Schaller & Kottelat 1989
Betta strohi female
Photo by Edward Miller 
Keeping Betta strohi from an Aquarist
Betta strohi can be housed in pairs, species
tanks, and community tanks. Pairs can be housed in a 20 gallon tank,
groups should be housed in a 30 gallon tank or larger. Pairs should
be given cover such as caves and plants. In a pair or species
situation it is possible that fry could be discovered in the tanks.
For best results remove a brooding male.
Betta strohi comes from blackwater environments
and should have soft acidic water that is well filtered. They should
be kept at cool to mid 70s F.
Strohi males are more intensely colored then females.
Males have red opercular bars where as females bars will be gold.
Females ovaries might be visible via spotlighting.
Strohi is a paternal mouthbrooder and the male
incubates from 12 to 17 days with 15 days being very consistent.
Incubation time can vary with water temperature. Females normally
||Similar species would be foerschi, mandor and rubra.
||Foerschi and Mandor have red opercular bars, Strohi
have gold bars.
Articles on Betta strohi
Articles on related species
I’ve Got a New Mouthbrooding Betta – Now What? Michael Hellweg. 2003.
wild Bettas Gerald Griffin. Flare! 2006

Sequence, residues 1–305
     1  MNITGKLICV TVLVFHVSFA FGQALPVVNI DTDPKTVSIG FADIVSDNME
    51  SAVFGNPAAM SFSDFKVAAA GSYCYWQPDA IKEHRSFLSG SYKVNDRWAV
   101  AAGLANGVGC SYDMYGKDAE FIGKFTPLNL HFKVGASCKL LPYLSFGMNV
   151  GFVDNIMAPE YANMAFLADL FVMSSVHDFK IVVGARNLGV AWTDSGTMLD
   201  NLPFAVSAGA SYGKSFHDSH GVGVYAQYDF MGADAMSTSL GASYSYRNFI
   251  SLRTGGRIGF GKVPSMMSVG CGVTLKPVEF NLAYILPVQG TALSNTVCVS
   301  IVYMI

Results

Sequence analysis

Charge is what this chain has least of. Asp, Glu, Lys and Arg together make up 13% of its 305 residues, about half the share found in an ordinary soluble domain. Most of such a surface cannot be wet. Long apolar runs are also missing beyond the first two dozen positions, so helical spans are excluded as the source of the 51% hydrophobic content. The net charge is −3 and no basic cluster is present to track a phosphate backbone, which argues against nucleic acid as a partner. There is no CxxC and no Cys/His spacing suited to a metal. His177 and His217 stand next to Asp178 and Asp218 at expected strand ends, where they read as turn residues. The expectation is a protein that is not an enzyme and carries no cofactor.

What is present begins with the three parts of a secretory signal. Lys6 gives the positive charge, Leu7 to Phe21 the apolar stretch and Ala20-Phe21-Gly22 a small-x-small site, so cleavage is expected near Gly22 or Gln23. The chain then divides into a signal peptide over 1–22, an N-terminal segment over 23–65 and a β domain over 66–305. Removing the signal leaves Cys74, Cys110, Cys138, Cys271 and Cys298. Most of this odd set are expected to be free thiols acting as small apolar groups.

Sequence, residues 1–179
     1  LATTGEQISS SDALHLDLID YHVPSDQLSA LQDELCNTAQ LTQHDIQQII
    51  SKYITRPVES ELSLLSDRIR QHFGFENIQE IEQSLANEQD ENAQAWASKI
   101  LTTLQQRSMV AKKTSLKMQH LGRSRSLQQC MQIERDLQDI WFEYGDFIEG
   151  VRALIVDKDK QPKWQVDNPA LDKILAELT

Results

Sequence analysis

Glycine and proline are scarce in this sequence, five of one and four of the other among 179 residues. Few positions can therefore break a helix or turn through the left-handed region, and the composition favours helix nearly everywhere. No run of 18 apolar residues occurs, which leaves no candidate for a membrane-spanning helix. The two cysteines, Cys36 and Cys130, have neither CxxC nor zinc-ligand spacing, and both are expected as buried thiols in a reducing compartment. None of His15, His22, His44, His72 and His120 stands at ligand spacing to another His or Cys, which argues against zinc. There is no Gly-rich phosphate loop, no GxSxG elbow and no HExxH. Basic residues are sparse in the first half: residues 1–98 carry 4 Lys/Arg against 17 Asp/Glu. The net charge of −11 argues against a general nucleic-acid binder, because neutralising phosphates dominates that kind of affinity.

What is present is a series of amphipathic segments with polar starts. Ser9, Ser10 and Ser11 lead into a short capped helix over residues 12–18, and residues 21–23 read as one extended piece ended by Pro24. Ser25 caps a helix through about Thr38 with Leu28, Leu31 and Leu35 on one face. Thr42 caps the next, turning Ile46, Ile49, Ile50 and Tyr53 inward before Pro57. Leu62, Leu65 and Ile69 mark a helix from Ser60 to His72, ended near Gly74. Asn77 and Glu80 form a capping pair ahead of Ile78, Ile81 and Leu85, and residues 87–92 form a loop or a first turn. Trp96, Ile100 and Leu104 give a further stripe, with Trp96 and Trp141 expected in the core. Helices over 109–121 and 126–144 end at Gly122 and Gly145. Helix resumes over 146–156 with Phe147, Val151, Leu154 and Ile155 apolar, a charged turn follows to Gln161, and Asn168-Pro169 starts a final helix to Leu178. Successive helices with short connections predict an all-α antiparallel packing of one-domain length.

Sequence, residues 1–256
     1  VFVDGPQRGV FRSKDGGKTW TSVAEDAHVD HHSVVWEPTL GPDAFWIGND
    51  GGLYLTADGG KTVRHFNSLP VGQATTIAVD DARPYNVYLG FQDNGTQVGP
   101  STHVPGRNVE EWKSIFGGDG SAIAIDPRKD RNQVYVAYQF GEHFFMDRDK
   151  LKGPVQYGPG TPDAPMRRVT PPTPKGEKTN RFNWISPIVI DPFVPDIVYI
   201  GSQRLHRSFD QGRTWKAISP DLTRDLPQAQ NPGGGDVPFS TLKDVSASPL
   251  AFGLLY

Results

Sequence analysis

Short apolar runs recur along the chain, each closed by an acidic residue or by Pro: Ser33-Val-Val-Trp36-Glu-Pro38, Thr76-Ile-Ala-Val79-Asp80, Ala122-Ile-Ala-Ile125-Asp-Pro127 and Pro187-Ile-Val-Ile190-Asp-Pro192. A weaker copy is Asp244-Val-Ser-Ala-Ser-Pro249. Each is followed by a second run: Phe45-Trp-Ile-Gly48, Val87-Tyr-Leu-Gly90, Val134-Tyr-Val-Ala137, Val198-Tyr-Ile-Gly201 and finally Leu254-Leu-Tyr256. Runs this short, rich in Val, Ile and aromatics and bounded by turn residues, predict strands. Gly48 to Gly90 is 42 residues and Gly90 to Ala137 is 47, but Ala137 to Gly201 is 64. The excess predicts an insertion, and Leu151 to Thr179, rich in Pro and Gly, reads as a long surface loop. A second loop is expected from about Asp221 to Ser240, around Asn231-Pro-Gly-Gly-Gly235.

||Schaller, D. and Kottelat, M. 1989. 
||Kottelat, M., A.J. Whitten, S.N. Kartikasari and
S. Wirjoatmodjo, 1993. 
||Nataik Sedawak, about 30 km south of Sukamara
(2°41'S, 111°13'E), Kalimantan Tengah, Borneo, Indonesia.
||ZRC 32126 [ex ZSM 26719] (4)
ZSM 26719 (38, now 34), 26979 (10)
||7.0 cm TL
||After Father Stroh who discovered the species
|Differentiation From Similar Species:
||[Betta strohi differs from Betta foerschi in
that] they have yellow gill plates. 
As for B. foerschi and B. strohi, I do think they
are probably distinct species, based not only on morphology but
on coloration, size and behavior.
The majority of the morphological reason for splitting B
strohi off was based on radically different jaw structure in
the males, not coloration as is widely believed due to just a
few photos circulating around of these fish (i.e. B. foerschi
has "red" bars, B. strohi has "gold" - sometimes
these fish have red bars, sometimes they're gold - on the same
fish!). Now that they are becoming available, maybe with more
observations by more folks working with them, this will change.
From my experience with B. foerschi, and now working
with these beautiful fish, I see some distinct differences. The
B. foerschi I kept were more reddish or rust colored
while these are bluish and much darker. My B. foerschi,
while still a slim fish, were a bit larger and more heavy bodied
in comparison too. Also, B. foerschi spent more time in
the open and near the surface and was a much more active
swimmer, while these strohi, at least, spend most of their time
down low, lurking under leaves and don't swim about very much,
except when food is in the water! 
Last modification submitted by Gerald Griffin 02.09.08
Photo by Edward Miller